Jonathan Mane-Wheoki was born in Otumoetai and educated at Pongakawa Primary School, Bay of Plenty, Titirangi Primary School and Kelston Boys High School in Auckland. He studied speech and drama at the Bailey Academy of Dramatic Art in Auckland under Gil Cornwall. From 1966-71 he attended the University of Canterbury's School of Fine Arts and completed a Dip.FA (Hons) in Painting in 1969 and a BA in English Language and Literature in 1971. He pursued postgraduate studies at the University of London Courtauld Institute of Art and graduated MA in Art History in 1974. In 1975 he was appointed Lecturer in Art History, School of Fine Arts, University of Canterbury, and from 2001-2004 he was Dean of Music and Fine Arts at the University of Canterbury. In 2004 he took up the appointment of Director of Art and Collection Services, Museum of New Zealand Te Papa Tongarewa and in 2009 he was appointed Head of Elam School of Fine Arts at the University of Auckland.
He wrote numerous non-fiction articles, papers, publications, reports and reviews with a focus on Māori art, New Zealand art, Victorian architecture, church architecture, early modern European art, cultural issues and museology. He delivered many conference papers and keynote addresses in New Zealand and overseas, and curated exhibitions with a focus on contemporary Māori art. He was interviewed on Radio New Zealand National and Concert, ABC Radio, Television One, TV3, commercial and access radio and television and for articles in New Zealand’s news media.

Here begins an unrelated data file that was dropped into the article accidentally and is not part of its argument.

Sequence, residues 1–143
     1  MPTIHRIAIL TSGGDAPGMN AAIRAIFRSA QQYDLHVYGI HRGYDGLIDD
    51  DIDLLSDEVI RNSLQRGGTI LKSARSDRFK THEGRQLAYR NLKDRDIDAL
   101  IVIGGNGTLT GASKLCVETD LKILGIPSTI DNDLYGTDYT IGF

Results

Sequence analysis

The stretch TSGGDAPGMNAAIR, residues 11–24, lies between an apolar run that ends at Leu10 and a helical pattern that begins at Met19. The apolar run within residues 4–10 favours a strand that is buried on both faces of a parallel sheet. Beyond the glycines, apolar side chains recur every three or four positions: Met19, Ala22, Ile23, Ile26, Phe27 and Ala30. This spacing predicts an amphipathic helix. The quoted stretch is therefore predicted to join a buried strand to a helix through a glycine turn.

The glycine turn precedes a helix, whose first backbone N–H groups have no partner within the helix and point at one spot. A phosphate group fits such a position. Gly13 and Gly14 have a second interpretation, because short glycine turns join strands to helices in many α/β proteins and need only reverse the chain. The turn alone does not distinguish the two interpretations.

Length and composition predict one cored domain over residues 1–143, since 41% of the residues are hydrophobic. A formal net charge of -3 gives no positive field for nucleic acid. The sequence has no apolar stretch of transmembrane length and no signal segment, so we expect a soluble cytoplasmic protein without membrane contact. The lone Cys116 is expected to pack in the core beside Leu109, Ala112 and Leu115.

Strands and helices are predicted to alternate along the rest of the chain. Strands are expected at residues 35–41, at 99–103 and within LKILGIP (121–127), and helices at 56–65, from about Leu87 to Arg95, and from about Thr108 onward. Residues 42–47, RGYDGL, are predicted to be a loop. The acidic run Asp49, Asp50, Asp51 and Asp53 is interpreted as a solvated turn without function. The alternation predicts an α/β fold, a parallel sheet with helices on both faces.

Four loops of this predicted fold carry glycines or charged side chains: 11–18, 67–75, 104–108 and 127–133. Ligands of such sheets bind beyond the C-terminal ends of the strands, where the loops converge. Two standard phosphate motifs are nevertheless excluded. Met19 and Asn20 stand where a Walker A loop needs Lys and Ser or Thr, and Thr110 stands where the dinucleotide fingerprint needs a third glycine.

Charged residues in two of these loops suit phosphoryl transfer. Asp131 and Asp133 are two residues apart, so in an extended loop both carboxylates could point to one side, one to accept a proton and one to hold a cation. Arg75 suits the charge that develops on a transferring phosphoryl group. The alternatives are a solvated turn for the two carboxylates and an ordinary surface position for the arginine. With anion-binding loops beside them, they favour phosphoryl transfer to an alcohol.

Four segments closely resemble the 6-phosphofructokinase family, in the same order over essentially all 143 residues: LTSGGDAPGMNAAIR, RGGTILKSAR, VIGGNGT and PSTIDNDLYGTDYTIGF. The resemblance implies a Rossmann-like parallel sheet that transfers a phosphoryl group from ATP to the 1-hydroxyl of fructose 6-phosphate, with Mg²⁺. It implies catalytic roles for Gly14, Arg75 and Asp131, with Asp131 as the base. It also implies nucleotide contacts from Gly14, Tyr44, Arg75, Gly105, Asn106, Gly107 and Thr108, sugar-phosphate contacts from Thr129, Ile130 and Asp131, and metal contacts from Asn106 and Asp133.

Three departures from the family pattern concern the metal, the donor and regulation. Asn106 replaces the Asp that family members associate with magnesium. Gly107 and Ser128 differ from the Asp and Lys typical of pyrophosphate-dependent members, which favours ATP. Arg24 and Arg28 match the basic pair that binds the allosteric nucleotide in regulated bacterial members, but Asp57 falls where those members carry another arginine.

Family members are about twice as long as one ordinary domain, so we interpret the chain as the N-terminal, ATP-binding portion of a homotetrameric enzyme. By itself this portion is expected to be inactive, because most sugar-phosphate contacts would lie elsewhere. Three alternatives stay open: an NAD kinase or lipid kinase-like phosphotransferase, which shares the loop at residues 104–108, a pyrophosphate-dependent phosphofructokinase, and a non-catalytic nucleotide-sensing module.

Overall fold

Mane-Wheoki served on many national and international bodies including the council of the New Zealand Academy for the Humanities: Te Whāinga Aronui; CNZ assessment panels; convenor, the Oceania Working Party for the Second Asia-Pacific Triennial of Contemporary Art, 1975; the committé Internationale du Pilotage for the Centre Culturel Jean-Marie Tjibaou, Nouméa, New Caledonia; panel member, Humanities, Marsden Fund, 1997-2000 and convenor 2001-2006; ministerial appointment to Marsden Council 2002-2006; ministerial appointment to Te Waka Toi 1994-1996; ministerial appointment to Arts Council, Creative New Zealand, 1996-1998; re-appointed 1998-1999. He was honorary Kaitiaki Māori [Curator of Māori Art], Robert McDougall Art Gallery, Christchurch from 1992-2004. He was a governor of the Arts Foundation of New Zealand, Deputy Chair of the Council for the Humanities and a member of the Council of the Royal Society of New Zealand.
Mane-Wheoki received many awards, scholarships and honours including the Ethel Rose Overton Scholarship (1969), L. B. Wood Travelling Scholarship (1972), University of Vienna Studentship (1973), QE II Arts Council Award (1974), Chettle Fellow, Department of Architecture, University of Sydney (1993), Visiting Lecturer, Agence de Developpement de la Culture Kanak, New Caledonia (Nov-Dec 1995), Visiting Scholar, Cultural Heritage Studies Research Centre, University of Canberra (Apr-May 1996), Visiting Scholar, Centre for Cross-Cultural Research/Humanities Research Centre, Australian National University (2000), Anna Crighton Award for Services to Heritage, Christchurch Civic Trust (2003), Honorary Life Member, Christchurch Art Gallery Society of Friends (2004).
Mane-Wheoki passed way on 10 October 2014
- Interviews and email correspondence with Jonathan Mane-Wheoki and access to his CV in 1996, 1998 and Sept. 2007.
- New Zealand WHO'S WHO Aotearoa 1995 Edition. Ed. Alistair Taylor. Auckland, N.Z.: New Zealand Who's Who Aotearoa, 1995. 353.
"He maimai aroha Jonathan Mane-Wheoki" Mana. 14 October, 2014. accessed 23 September 2016 (URL: http://www.mana.co.nz/news/he-maimai-aroha-jonathan-mane-wheoki)